Keystone hearing Copyright Alex Wong, Getty Images

 U.S. Sen. John Barrasso, R-Wy., (L) talks to Sen. James Risch, R-Idaho, (R) during a markup hearing on the Keystone XL pipeline.

Keystone XL Pipeline Receives Nod from US Senate Panel

The House of Representatives is expected to pass an identical Keystone measure on Friday.

A U.S. Senate panel gave its stamp of approval Thursday to the Keystone XL oil pipeline, setting up debate next week on the contentious project President Barack Obama has vowed to veto.

The Energy and Natural Resources Committee, controlled by Republicans after November elections gave them the Senate majority, voted 13 to 9 to authorize construction of the pipeline that would transport crude oil from Canada to refineries on the U.S. Gulf Coast.

All Democrats except Senator Joe Manchin opposed the bill.

The House of Representatives is expected to pass an identical measure on Friday, bringing the project that has languished in regulatory limbo for six years closer to fruition and posing a direct challenge to Obama in the first days of a Republican-led Congress.

Senator Maria Cantwell urged Republican lawmakers to rein in their zeal about the project and let the regulatory process play out rather than force construction along a route through the American heartland that is still being contested in a Nebraska court.

"There are too many important environmental issues to consider instead of giving a foreign company a special-interests sweetheart deal from Congress that even U.S. businesses haven't gotten," said Cantwell, referring to provisions that would allow the project's builder to avoid paying certain U.S. taxes.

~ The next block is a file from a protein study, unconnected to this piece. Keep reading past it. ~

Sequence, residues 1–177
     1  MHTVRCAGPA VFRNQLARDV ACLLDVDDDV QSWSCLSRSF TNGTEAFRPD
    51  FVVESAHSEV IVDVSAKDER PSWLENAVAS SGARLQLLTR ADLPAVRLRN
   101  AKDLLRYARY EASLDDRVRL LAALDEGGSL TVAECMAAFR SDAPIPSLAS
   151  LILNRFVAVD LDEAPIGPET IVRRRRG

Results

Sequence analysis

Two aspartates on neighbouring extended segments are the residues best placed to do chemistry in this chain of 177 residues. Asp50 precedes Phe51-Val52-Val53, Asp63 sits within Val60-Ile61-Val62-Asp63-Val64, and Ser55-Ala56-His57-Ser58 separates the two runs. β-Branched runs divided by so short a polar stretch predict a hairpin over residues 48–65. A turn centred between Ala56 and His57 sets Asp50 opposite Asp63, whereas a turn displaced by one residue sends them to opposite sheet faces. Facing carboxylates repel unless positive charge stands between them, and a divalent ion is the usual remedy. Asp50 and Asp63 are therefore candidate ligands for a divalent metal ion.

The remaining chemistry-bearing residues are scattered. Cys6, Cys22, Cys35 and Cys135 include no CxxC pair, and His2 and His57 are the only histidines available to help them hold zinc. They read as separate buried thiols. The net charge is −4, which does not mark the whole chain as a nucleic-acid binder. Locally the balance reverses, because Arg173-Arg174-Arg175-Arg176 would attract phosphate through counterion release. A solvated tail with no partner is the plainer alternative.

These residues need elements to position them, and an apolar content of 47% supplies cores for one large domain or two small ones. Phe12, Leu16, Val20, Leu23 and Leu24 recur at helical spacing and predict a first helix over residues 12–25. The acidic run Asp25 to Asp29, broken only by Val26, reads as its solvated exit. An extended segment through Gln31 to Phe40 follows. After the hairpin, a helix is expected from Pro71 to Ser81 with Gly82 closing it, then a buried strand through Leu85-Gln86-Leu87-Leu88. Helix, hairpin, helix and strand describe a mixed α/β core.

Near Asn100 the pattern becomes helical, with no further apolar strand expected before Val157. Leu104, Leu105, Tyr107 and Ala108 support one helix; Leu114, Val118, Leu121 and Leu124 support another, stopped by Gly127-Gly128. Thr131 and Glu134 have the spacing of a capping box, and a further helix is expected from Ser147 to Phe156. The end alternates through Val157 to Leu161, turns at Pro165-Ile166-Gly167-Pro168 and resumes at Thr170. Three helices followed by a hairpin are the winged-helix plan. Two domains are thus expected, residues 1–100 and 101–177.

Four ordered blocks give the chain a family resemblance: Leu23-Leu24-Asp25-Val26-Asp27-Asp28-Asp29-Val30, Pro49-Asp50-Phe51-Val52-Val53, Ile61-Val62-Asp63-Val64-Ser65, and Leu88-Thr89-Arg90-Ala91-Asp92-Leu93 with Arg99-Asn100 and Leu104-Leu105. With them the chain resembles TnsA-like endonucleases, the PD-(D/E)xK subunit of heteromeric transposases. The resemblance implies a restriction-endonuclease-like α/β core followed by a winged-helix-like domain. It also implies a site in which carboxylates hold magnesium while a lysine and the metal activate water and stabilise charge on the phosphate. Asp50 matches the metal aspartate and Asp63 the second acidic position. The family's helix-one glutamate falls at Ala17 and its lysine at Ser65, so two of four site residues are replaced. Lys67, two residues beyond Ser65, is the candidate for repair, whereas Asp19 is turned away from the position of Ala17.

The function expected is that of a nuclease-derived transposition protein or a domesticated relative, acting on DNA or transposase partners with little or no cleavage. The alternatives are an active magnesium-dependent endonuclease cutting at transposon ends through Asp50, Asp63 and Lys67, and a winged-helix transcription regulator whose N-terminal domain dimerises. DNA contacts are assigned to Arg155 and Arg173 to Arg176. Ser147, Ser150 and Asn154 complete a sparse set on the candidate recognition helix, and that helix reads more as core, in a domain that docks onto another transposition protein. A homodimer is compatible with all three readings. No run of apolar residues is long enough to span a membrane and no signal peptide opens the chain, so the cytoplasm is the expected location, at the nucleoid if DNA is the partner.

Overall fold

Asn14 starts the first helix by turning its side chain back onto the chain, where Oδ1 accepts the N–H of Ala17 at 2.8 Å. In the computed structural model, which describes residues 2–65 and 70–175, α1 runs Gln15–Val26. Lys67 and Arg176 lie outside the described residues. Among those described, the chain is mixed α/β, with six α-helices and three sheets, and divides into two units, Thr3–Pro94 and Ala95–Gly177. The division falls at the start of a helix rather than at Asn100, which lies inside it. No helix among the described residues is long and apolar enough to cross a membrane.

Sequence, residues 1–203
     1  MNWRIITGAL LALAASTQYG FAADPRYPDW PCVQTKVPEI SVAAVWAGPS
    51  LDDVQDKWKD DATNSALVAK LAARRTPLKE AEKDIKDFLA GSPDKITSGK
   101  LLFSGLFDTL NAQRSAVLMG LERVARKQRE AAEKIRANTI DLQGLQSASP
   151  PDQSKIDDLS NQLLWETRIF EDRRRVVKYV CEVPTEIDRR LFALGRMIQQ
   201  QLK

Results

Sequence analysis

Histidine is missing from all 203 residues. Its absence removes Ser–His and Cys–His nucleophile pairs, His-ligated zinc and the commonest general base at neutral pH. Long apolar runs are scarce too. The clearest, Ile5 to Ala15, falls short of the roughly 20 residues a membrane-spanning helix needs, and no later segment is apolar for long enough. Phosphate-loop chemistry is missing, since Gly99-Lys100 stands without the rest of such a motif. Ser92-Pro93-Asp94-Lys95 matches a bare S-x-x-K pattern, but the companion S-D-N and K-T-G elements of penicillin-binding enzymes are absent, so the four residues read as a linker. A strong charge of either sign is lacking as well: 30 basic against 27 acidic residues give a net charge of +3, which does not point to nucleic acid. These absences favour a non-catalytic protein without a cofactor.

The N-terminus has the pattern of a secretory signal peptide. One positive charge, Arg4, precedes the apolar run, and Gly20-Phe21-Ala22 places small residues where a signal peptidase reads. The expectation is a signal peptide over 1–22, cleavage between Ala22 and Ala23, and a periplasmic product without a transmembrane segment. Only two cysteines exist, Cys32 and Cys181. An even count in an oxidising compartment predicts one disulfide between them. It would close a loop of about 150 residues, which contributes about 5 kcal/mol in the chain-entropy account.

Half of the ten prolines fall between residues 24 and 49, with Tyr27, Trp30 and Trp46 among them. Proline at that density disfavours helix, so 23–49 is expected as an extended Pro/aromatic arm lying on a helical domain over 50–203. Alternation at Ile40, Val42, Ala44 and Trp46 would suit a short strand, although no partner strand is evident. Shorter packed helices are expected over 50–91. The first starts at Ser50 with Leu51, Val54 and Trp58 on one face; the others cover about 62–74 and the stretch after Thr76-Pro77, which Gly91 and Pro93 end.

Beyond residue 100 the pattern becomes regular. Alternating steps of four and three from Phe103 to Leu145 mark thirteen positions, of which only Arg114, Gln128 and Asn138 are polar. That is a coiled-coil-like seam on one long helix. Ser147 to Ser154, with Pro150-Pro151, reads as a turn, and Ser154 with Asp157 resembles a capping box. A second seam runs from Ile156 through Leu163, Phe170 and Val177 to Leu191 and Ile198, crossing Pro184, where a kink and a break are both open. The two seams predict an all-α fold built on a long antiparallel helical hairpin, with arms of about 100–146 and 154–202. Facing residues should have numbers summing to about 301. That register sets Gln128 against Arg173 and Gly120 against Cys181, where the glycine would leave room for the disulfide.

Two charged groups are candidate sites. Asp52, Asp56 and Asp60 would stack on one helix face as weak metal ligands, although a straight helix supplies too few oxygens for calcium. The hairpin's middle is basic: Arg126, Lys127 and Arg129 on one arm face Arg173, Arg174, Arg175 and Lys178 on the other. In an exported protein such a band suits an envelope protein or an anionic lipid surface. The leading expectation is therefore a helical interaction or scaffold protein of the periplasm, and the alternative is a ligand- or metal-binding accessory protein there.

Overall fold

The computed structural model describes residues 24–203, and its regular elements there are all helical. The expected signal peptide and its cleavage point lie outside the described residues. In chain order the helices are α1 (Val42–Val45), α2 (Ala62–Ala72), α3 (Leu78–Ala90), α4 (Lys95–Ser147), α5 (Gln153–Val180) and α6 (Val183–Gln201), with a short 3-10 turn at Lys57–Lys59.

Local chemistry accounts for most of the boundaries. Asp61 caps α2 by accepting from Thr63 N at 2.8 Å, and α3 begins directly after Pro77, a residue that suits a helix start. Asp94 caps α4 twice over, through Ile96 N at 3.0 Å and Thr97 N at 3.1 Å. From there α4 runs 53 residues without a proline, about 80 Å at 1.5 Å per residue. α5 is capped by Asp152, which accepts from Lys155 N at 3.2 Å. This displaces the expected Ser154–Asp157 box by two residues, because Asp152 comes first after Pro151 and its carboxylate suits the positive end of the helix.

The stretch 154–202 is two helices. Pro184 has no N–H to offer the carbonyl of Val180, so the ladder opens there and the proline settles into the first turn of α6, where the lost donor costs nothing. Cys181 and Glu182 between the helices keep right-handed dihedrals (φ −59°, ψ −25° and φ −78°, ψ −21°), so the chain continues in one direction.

"My message to TransCanada Corporation is to play by the rules."

Republican leaders have stressed Keystone is a top priority for them in early 2015, and that administrative delays are hampering a shovel-ready project that would create tens of thousands of temporary construction jobs.

"It's gone through the process for six years -- for six years -- and it's still not through the process. Americans won World War II in a shorter amount of time," argued Senator John Hoeven.

Because the pipeline crosses an international border, the Obama administration has taken the lead on its authorization. But following years of environmental studies and legal proceedings, Obama, who has expressed concern that Keystone would hasten climate change, has yet to grant the permit.

Congressional Republicans seek to bypass the administration with legislation authorizing the pipeline's construction.

They said the project creates jobs and boosts U.S. energy security.

My message to TransCanada Corporation is to play by the rules.

— Senator Maria Cantwell, D-Wash.

Most Democrats are sensitive to the arguments of environmentalists, who fear the risks of a spill along the 1,179-mile pipeline from Alberta to Nebraska.

TransCanada separated the southern portion into a project that did not require White House approval, and is currently under construction. 

Environmentalists note that in 2010, an Enbridge pipeline spilled more than three million liters of oil into the Kalamazoo River in Michigan.

The White House has said Obama would veto the bill should it reach his desk. The House and Senate would only be able to overcome the veto with a two-thirds majority.

Copyright Agence France-Presse, 2015

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